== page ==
It’s no secret that reading to your child from a young age can help build their vocabulary, improve language skills, and help with their ability to carry a conversation.
The incredible thing about books is that they can give any reader a new experience. Books have the ability to take you to a place you’ve never been, experience a feeling maybe you haven’t had, and for our budding conversationalists… expose them to new words never before heard.
We created the Starling to help motivate parents to talk more to their kids. But as you may have heard us say before… it’s not all about word quantity. The number of different words that you say to child, or the quality of your conversations you have with your child, really makes a difference in how they learn language.
But it seems like quite the taxing task to come up with different words in a moment with your child. Imagine you’re out for a walk and your child observantly points to an airplane in the sky. You’d probably say: “Do you see the airplane flying in the sky?” A great way to describe what’s happening.
No parent would actually say: “Wow, that airplane is gliding because of a force called lift, which is generated by the forward motion of the airplane, produced by the thrust of the engine.”
Those are two different ways to describe the exact same thing. But you likely aren’t using words like gliding or lift in your everyday conversations to talk about airplanes (unless maybe you’ve studied more aerospace concepts than the next guy). However, using these different words builds a higher quality of language that your child hears, and thus produces a generally smarter kiddo.
Good news is that, as parents, we can heavily rely on quality books to expose our kiddos to high quality words.
“Children are made readers on the laps of their parents.” — Emilie Buchwald
Books provide a plethora of different words that we might not necessarily say during conversations or hear on television. Reading books aloud has been proven to grow vocabulary, optimize word learning and be the most effective way of elaborating and explaining new things.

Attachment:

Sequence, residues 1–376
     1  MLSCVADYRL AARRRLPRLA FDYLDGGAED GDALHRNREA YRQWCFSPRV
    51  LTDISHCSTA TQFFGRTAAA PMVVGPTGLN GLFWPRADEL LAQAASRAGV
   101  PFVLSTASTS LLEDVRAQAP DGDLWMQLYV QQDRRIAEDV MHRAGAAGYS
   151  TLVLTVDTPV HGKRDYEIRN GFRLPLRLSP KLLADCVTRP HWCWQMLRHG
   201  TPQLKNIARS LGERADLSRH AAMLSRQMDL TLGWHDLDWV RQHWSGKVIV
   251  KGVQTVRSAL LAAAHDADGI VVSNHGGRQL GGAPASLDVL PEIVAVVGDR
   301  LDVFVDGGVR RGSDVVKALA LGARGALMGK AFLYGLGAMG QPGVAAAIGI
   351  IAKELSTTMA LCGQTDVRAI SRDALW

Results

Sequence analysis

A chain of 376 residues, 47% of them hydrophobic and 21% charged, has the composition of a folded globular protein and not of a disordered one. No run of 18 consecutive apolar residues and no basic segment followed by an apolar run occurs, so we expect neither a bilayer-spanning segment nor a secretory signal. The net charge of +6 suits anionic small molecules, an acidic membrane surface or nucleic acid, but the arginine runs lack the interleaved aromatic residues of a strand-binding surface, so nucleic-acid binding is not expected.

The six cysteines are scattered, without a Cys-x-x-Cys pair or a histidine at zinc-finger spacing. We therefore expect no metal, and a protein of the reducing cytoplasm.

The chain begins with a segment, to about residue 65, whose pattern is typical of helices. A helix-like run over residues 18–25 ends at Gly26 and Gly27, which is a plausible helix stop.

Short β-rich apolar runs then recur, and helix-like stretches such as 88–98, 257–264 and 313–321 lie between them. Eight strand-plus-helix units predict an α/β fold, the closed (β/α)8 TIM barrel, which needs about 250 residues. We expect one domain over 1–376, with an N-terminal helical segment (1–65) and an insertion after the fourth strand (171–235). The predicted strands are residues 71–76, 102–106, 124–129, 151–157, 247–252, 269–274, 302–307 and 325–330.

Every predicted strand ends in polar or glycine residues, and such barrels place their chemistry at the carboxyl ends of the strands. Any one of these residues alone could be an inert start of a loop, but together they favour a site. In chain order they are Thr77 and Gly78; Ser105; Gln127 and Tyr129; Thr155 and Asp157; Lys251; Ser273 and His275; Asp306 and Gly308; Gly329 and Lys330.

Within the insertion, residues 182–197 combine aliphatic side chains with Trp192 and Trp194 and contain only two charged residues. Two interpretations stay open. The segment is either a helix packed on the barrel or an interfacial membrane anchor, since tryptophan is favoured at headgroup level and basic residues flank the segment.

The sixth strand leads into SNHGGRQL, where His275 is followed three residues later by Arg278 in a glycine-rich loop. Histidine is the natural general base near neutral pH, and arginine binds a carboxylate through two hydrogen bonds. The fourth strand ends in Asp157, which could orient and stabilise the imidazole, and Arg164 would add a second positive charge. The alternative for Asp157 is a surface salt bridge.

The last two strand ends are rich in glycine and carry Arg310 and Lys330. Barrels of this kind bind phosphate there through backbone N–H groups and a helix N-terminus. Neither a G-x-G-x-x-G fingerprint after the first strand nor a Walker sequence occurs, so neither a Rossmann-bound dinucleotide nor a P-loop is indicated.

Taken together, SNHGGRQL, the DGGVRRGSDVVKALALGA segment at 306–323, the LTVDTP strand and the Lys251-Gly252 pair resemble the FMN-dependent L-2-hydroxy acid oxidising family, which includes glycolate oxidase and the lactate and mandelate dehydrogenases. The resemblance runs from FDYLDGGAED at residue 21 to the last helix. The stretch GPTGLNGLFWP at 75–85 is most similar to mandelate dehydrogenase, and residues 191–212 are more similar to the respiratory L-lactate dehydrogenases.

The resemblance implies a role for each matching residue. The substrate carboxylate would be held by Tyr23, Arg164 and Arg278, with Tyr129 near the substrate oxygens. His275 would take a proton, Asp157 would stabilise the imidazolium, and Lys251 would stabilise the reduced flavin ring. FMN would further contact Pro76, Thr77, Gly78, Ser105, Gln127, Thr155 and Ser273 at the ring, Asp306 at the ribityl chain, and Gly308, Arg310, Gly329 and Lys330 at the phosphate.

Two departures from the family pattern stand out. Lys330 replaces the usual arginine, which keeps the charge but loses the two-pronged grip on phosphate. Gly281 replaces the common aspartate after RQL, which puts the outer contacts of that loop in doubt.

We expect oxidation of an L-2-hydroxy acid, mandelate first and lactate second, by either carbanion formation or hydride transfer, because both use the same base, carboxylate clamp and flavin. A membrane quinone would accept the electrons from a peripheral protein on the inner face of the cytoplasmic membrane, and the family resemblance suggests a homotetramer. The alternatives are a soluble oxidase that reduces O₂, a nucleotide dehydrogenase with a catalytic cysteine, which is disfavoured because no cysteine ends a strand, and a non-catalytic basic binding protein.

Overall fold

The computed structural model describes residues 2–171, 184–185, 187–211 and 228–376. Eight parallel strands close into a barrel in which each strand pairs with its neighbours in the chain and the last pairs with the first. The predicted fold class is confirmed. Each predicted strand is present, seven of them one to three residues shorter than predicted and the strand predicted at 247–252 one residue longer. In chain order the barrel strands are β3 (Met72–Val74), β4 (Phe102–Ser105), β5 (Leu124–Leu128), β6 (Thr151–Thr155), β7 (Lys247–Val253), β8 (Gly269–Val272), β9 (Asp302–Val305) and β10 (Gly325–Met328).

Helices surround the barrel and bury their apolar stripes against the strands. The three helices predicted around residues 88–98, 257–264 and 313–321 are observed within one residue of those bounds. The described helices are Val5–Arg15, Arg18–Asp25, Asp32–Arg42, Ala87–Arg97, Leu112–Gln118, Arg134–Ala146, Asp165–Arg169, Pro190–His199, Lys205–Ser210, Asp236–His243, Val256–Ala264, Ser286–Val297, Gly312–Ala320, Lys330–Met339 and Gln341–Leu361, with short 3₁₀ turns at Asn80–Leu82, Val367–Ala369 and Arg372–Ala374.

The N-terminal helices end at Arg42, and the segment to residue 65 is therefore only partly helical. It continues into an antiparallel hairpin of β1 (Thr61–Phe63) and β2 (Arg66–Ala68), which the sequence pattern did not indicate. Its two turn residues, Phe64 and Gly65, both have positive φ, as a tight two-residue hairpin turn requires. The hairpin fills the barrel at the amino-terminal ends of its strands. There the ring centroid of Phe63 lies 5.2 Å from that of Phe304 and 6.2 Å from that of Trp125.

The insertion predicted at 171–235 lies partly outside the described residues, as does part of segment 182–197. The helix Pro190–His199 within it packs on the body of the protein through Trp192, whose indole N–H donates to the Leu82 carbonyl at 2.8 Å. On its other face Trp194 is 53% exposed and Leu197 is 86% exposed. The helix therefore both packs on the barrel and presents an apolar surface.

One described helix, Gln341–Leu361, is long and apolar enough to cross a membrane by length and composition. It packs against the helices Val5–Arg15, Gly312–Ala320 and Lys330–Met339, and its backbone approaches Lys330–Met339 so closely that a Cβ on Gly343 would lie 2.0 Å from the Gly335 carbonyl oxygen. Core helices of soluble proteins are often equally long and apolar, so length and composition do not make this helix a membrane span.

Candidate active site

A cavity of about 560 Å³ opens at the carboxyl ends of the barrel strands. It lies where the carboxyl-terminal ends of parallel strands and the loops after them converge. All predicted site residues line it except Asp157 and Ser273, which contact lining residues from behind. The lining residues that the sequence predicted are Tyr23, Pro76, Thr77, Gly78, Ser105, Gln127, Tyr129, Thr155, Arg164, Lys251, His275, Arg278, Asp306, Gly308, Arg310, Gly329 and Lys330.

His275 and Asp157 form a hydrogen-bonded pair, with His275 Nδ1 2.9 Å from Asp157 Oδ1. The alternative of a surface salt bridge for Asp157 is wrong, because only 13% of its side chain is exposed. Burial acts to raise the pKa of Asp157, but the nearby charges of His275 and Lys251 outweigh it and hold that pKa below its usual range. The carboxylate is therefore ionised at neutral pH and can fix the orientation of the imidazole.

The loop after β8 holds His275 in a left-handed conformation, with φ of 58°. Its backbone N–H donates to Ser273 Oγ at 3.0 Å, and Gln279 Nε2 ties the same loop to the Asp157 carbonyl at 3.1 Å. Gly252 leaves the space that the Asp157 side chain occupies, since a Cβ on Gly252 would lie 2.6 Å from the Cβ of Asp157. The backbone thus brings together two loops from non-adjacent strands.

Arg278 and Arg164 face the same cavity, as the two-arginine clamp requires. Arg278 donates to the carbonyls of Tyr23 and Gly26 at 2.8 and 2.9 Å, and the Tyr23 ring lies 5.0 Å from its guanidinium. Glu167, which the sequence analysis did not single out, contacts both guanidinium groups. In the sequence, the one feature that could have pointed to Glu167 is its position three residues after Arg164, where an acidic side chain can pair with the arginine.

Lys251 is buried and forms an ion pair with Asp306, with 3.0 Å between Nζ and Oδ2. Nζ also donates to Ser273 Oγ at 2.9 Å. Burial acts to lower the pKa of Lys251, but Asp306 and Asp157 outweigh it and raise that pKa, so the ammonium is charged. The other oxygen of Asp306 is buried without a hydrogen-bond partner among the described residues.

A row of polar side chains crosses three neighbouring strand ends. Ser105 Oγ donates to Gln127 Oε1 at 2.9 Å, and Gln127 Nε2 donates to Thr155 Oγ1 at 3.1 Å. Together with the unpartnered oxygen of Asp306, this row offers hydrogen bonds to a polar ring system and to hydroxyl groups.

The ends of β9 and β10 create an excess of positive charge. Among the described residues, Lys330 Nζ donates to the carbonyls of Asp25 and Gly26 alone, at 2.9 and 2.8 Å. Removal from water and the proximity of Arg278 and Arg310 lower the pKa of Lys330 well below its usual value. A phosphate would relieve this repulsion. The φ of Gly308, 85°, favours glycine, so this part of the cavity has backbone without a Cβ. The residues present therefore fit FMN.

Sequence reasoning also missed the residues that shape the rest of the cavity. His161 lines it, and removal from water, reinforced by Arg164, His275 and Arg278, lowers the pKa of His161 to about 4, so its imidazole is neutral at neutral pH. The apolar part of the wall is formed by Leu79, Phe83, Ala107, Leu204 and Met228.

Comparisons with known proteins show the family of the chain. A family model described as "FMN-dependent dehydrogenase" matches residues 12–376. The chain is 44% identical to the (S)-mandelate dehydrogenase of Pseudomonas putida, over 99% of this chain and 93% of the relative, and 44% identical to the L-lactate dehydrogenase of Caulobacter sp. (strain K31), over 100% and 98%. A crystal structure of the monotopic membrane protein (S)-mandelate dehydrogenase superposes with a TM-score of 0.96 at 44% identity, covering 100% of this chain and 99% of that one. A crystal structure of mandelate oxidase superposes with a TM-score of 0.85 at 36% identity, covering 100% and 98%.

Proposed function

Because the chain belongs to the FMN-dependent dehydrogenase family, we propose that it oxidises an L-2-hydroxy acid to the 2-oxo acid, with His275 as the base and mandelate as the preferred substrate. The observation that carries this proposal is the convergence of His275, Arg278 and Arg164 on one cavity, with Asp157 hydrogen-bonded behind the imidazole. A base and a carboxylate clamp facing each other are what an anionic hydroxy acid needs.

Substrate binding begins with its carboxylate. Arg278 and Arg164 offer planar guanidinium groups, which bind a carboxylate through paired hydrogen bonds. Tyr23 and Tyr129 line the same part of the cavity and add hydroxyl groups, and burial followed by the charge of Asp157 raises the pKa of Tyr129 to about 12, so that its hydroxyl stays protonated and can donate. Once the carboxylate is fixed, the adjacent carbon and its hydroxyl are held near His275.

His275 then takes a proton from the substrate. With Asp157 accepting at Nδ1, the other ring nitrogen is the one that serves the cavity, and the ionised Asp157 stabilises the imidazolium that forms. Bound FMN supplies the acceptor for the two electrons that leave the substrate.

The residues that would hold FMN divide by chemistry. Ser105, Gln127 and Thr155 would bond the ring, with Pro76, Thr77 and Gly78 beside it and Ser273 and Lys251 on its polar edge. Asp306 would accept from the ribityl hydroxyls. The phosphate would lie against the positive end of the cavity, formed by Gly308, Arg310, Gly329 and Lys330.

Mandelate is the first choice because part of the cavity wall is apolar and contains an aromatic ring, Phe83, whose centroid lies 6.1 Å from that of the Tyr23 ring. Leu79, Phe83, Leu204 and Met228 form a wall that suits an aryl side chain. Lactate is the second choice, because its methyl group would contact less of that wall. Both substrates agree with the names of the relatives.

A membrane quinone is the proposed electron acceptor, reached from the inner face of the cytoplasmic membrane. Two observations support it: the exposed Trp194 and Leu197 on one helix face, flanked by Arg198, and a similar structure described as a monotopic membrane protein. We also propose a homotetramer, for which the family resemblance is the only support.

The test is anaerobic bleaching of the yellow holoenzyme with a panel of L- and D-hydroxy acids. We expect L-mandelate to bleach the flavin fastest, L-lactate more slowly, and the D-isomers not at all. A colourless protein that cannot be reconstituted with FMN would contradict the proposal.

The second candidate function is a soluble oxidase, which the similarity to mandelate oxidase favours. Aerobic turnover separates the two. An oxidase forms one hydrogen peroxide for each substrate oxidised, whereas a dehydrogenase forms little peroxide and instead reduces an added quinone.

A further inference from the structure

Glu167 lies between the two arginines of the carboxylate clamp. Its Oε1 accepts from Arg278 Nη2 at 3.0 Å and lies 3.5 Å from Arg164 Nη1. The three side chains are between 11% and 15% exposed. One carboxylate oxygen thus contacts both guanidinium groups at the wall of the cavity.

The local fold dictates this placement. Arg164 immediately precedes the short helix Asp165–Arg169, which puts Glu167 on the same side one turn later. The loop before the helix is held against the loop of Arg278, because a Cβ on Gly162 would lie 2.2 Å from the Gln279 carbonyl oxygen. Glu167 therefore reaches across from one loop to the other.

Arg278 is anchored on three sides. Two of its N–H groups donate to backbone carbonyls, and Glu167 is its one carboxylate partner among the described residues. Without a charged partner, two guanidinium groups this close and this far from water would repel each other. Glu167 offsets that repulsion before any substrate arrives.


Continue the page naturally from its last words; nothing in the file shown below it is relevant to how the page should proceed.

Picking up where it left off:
You can think about vocabulary in two basic categories: high frequency words and low frequency words.
High frequency words would be words that you use often in a day. For example, eat, milk, clock, baby, car, dog, happy, etc. Low frequency words are those that you likely are not saying often, such as munch, bellow, fierce, camel, architect, delighted, etc. These lower frequency words have a powerful effect on the verbal skills of our early talkers.
Now, you might be thinking that watching a television show would expose your kiddo to newer, lower frequency words. Right? Well, not quite. Research has shown that young children don’t actually comprehend what they’re watching on television. Moreover, we’ve all seen how once that screen goes on, your kiddo is somehow taken into a hypnotic moment, not engaging in any social conversation, which doesn’t allow for the elaboration or explanation that a reading book would. So not only is word-learning reduced during television watching (compared to book sharing), but you’re tot is missing out on that key social engagement with you!
“So please, oh PLEASE, we beg, we pray, go throw your TV set away. And in its place you can install, a lovely bookshelf on the wall.” — Roald Dahl, Charlie and the Chocolate Factory
Okay, okay. You’re a believer in books. But the quality of the book matters too! Look for books that have a diverse vocabulary, with rich, new words that you’re not saying day to day… the low frequency words. Look for books that are fun for you to read! If you like reading them, chances are your child will too!
Take a look at some of our favorite books and authors with snapshots of text below. You can also check out the Association of Library Service to Children to see a list of recommended books by age.
Sandra Boynton, The Going to Bed Book, Happy Hippo Angry Duck, But Not the Hippopotamus, and more! Boynton writes: “A hog and a frog cavort in the bog, but not the hippopotamus.”
Julia Donaldson, The Gruffalo, The Snail and the Whale, Room on the Broom, and more! Donaldson writes: “Then out of the bushes on thundering paws, there bounded a dog with a hat in his jaws.”
Andrea Beaty, Iggy Peck Architect, Ada Twist Scientist , and more! Beaty writes: “One hypothesis Ada thought to be true: The terrible stink came from Dad’s cabbage stew!”
Giles Andreae, Commotion in the Ocean, Giraffes Can’t Dance , and more! Andreae writes: “Listen to the swaying grass and listen to the trees. To me the sweetest music is the branches in the breeze.”
Alice Schertle, Very Hairy Bear, Button Up!, Little Blue Truck , and more! Schertle writes:”Roooom, went the Dump, around a curve. He saw a puddle, he tried to swerve.”
- Hargrave, A. & Seneschal, M. (2000). A book reading intervention with preschool children who have limited vocabularies: the benefits of regular reading and dialogic reading. Early Childhood Research Quarterly (15) p. 75-90.
- Hirsch-Pasek (2015). The contribution of early communication quality to low-income children’s language success. Psychological Science (26) p. 1071-1083.
- Dickinson, D. & Neuman, S. (2006). Handbook of Early Literacy Research. New York, New York: The Guilford Press.
- Kindle, K. (2009). Vocabulary Development During Read-Alouds: Primary Practices. The Reading Teacher, 63 (3). p. 202-211.
- Beck, I.L., McKeown, M.G., & Kucan, L. (2008). Creating Robust Vocabulary. New York, NY: The Guilford Press.
- Kerkorian, H., Wartella, E., Anderson, D. (2008). Media and Young Children’s Learning. The Future of Our Children, 18 (1). p. 39.